On the surface of it, it seems like IT Governance is a lot of trouble for no tangible return. Yet, if we really take the time to think about it, a business runs on information. The decision-makers in the company rely on the data collected, and the information generated by the information systems to make their decisions. An information system that delivers timely and accurate information is an invaluable asset to any company.
And yet, how many companies really have a proper IT policy? Many companies think an information system is a sort of “fire and forget” system — that it can be installed and then left alone to work. Like all systems, however, it will suffer from decay over time. Software becomes obsolete, hardware ages and suffers from wear and tear, and even processes become old and inefficient as new (and more efficient) ways of doing things are discovered. Proper processes need to be in place to ensure that obsolete software is properly disposed of, and hardware stripped and securely disposed.
Continue reading “Why do we need IT Governance?”
When we talk about IT governance, we’re basically talking about three things: Data Management, Asset Management and PeopleManagement. Data are the building blocks from which information can be derived. Because of this, it’s important to have a framework that determines who has access to what data. It is of supreme importance to a company that they should be able to control the flow of information, to determine where it comes from, where it goes, and who it goes to. According to Weill and Ross, IT governance is “Specifying the decision rights and accountability framework to encourage desirable behavior in the use of IT.”
It’s important to note that “desirable behavior” is mentioned here. Data management concerns itself with “encouraging desirable behavior”. In the case of data management, this means “desirable behavior of data”. What happens when data leaves a server? How do we track and monitor the flow of the data, where it goes, and where it stops? These questions need to be answered. Answering these questions is what makes for proper data management. The people and processes that are put into place to analyze the flow of data, and to alert the correct people should anything seem out of the ordinary, this is what makes data management invaluable to the average business.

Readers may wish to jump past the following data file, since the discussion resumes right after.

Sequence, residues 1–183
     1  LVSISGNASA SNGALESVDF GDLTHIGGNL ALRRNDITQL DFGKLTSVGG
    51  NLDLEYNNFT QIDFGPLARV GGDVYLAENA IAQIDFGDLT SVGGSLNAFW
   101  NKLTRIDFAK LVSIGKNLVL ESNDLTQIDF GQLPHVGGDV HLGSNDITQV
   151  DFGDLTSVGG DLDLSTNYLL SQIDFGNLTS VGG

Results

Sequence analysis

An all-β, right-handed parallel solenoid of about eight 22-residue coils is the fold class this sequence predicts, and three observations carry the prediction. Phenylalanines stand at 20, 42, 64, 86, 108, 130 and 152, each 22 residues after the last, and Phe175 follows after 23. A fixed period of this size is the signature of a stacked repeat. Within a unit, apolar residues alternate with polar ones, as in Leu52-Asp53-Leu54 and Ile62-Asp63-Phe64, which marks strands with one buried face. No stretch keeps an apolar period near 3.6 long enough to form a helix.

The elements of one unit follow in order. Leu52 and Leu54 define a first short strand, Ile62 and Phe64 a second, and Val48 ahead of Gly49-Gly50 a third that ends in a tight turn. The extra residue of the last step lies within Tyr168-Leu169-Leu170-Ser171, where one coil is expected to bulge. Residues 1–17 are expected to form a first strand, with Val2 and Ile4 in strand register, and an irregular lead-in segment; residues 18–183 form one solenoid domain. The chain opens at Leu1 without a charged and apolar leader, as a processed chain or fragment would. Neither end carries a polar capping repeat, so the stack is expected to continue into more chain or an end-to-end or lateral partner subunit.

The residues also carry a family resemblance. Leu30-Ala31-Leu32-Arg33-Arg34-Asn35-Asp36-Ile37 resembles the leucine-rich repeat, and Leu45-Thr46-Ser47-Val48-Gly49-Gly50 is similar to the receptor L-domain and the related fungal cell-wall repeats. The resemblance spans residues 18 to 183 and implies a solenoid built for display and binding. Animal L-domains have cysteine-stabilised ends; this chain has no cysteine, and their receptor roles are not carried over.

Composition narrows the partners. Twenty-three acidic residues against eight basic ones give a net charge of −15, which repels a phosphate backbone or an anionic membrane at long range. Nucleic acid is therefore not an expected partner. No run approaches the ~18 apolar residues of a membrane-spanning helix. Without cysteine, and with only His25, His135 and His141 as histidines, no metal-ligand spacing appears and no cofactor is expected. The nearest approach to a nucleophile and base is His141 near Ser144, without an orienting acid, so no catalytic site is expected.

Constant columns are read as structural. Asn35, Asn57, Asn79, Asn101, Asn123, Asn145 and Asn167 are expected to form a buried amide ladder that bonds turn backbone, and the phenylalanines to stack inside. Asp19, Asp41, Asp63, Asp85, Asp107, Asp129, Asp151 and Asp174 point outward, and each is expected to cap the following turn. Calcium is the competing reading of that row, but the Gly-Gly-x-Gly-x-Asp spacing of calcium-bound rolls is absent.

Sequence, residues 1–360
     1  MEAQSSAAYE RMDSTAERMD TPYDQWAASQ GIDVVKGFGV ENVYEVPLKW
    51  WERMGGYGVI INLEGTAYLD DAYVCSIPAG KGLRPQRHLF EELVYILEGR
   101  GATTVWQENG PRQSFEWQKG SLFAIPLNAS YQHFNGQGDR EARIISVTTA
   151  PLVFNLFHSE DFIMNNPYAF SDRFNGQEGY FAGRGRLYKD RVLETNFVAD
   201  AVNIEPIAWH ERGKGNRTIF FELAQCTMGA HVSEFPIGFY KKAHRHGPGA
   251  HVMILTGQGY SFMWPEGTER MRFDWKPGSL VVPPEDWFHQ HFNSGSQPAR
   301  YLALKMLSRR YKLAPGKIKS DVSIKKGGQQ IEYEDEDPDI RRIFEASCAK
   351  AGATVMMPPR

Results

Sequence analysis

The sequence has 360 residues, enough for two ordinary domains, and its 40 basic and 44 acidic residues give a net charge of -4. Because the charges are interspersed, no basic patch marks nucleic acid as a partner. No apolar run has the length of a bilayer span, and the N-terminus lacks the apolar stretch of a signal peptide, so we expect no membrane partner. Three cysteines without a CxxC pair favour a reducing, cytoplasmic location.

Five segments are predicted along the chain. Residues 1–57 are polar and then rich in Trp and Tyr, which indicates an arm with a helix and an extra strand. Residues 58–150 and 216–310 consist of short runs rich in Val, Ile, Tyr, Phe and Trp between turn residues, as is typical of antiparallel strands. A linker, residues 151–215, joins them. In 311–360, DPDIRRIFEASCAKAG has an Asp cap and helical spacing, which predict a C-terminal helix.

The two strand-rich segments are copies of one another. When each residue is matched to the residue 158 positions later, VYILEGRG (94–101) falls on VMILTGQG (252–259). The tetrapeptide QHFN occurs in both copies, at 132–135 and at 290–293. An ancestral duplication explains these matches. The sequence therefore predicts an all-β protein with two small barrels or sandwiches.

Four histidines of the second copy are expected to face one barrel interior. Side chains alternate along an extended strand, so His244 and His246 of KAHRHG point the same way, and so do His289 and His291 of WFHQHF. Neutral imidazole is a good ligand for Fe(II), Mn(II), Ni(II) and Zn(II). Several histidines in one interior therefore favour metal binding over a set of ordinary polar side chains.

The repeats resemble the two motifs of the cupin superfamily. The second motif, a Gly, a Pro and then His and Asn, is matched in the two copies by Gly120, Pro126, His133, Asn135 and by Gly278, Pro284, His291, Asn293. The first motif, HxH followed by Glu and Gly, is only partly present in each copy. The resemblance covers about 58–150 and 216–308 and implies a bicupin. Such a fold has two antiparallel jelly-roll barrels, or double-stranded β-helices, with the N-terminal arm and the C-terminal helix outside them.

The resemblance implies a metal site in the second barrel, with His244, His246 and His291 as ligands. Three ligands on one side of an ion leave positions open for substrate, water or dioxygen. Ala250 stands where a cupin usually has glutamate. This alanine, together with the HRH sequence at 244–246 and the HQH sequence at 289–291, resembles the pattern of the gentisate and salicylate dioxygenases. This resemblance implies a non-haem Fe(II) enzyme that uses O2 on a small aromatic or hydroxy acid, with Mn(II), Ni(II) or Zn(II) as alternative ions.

Continue reading “What is IT Governance?”
I’ll never forget the day I watched a secretary outsell a team of sales veterans.
The company sold consulting services. That morning I’d met with some of their less successful reps. Most of them knew exactly why they weren’t selling. “Our prices are just too high,” they assured me repeatedly. I’d heard it before. As we all know, price is often the single biggest obstacle for acquiring new business. It’s also the number one excuse of unsuccessful marketing and salespeople.
Now, I was riding with Helen Daniels, secretary to the boss and the person who’d handled new business inquiries before the pros had been hired: handled them, I’d been told, with great success. I wanted to see just how she’d done it.
Continue reading “How To Make Yourself Become Sales Professionals?”
ERP software delivered at client site (on-premise and license being installed at client server and after go-live ERP application either maintained by client’s IT team or outsourced to ERP vendor. Deploying these ERP software in a company with several departments can cost hundreds of thousands (depends on currency) in upfront licensing cost, and also requires a team of IT consultants to customize and integrate it with the client’s other business applications and database.
Software-as-a-Service (SaaS) is a new and growing method in ERP software delivery and maintenance. SaaS is a software distribution model in which applications are hosted by an ERP service provider and made available to customers over the Internet. It is very similar to leasing a car rather than buying it.
Continue reading “Time To Upgrade Your Office ERP Software”